Re: [asa] Nothing_in_Biology_Makes_Sense_Except_in_the_Light_of_Evolution

From: Gregory Arago <>
Date: Fri Aug 14 2009 - 14:55:18 EDT

Bill wrote:
"If Everything is process and "evolution," why not God, man, life, cosmos, and memes (Hegel or Marx take your pick)?/ Today's mind set has difficulty with the static, the absolute, the Beginning, the End. We can only imagine unending change and development. It seems to me that this is a fairly new mindset."

Well said, Bill! This is indeed an issue once one turns the telescope around and turns 'the scientific method' upon human beings. It is by practicing a 'reflexive science' rather than a 'positive science' that some things can be seen or heard or touched or felt that are eternal and unchanging, sometimes approached by natural science and yet never within its grasp. In such cases, being a 'scientist' is no better than being a 'poet,' and sometimes it is a greater handicap to clarity of self-understanding.

It is helpful to untangle (or unpack) the meanings of 'evolution' and 'change' and 'process' so that evolution is not seen as the master category. In evolution 'change' is necessary, but in change 'evolution' is not necessary. I've repeated this prioritisation at ASA-listserve countess times and have never received a response to it. And even if 'evolution' may be posited as a master category by biologists or botanists or other natural-physical scientists, there is no inevitability to it being or becoming a master category elsewhere. The fact remains that evolution is simply *not* a master category in human-social disciplines, however, this is not a discussable topic (perhaps it is even seen as uninteresting or pointless) for many involved in this conversation. Sometimes I get the feeling that wrestling about these interdisciplinary issues involves grappling with the ideas of people not in one's weight class and the light-heavyweights don't want to lose
 to a welterweight. It would be curious to hear from across the university who thinks their discipline is a heavyweight and who thinks their discipline is a lightweight - might surprise some people about who is most confident in the human worth of their fields.

Some people treat 'evolution' as a general master category in the Academy. Unfortunately most TEs aid those who suggest this by perpetuating the myth because evolution is tightly tied into their theologies. They want to spread their theological knowledge, and thus they want to spread evolution too (and that in the most scientifically-developed nation in the world!). They think they have found the best balance, the best way to bridge or to compare or to integrate or synthesize or to bring into dialogue or to avoid the warfare model between science and religion/theology/faith.

And yet all the while the humanitarian realm is predominantly absent from any part of their conversation. This is a GAP for TE. It is called 'silencing' in human-social thought, or instead it is about an unbalanced view of action and purpose in the universe. Sometimes the humanitarian realm is brought in through theology's inevitable connections with the human-social disciplines. This is indeed a strange situation of reality in a nation where state and science are not separate, but state and church are supposedly separate, though the lack of connection between human-social scientists and natural-physical scientists is not all that surprising.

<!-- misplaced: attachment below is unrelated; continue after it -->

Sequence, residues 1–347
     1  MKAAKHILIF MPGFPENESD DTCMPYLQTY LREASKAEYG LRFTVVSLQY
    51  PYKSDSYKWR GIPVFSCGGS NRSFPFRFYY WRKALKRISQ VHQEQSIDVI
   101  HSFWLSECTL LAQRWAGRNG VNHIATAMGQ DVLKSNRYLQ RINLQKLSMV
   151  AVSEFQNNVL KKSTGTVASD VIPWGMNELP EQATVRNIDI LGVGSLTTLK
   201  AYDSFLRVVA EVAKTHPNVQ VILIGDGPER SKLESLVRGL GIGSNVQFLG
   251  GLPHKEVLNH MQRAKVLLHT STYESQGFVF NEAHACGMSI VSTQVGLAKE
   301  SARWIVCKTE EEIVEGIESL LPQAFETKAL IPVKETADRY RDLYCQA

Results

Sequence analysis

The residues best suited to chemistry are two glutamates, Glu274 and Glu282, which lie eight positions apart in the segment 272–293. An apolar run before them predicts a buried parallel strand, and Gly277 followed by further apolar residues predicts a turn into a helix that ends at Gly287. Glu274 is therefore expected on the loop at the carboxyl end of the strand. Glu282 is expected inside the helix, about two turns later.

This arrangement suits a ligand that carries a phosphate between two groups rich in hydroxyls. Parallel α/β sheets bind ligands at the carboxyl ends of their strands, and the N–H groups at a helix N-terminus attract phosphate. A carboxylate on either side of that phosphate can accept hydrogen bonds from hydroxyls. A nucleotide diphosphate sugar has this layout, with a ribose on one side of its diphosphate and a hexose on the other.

It appears that TEs, along with other natural-physical scientists who have accepted *evolutionary ideology* as their dominant worldview, cannot imagine a day when 'evolutionism' as a Grand Theory could be upset from its control of ideas (or call this: the dominant paradigm) about change and transformations (to speak nothing of its hold on 'origins' in some peoples minds), that it is just one idea among many others about how complexity and simplicity and other types of change occur 'over time'. Would that another could come along and dislocate it, to reclaim some of the territorial advantage over static and unchanging or eternal and absolute things.

Evolution as an idea has so much philosophical-spiritual baggage that someday people will choose to jettison it in trade for another way of looking at the same 'facts' and 'phenomena.' Let the evidence speak through interpreters who have followed it where it leads and found the best explanation for it. There is no need that popularizers of science who invoke atheism should be given any more attention than popularizers of science who invoke theism or religion as coexisting sources of knowledge about truths. Science has won no uncontested victory over the language that is used to describe reality for most people on Earth. Likewise, the ambiguous language of TE may be a bandage to stop the bleeding from 20th century creationism in American, but few people think it offers a real solution to balance science with philosophy and religion (TE is missing far too much philosophy to have a significant stake in the balancing process).

Teilhard writes: “Broadly understood, as it should be, transformism is now a hypothesis no longer. It has become the form of thought without which no scientific explanation is possible. That is why, even in an absolutely unexpected form, it will inevitably continue to direct and animate the morphology of the future.” (The Vision of the Past. NY: Harper and Row, 1966: 87)

Here is an example of Teilhard going too far, saying 'no scientific explanation' is possible without 'transformism'. Evolution is fundamentally against what Bill mentions in the static and unchanging. Teilhard calls this mindset 'transformism,' but one could substitute the pejorative term 'evolutionism' as a related term, and more critically contested is 'evolve' than 'transform' or 'evolution' than 'transformation'. The static and the unchanging falls on deaf ears with such people (i.e. those who forgot what A. Comte said in the early-mid 20th century about balancing 'statics' and 'dynamics,' and worshipping a 'religion of humanity' in which the dead are just as important as the living). All is flux, all is motion, nothing is unchanged or unmoved, still, silent.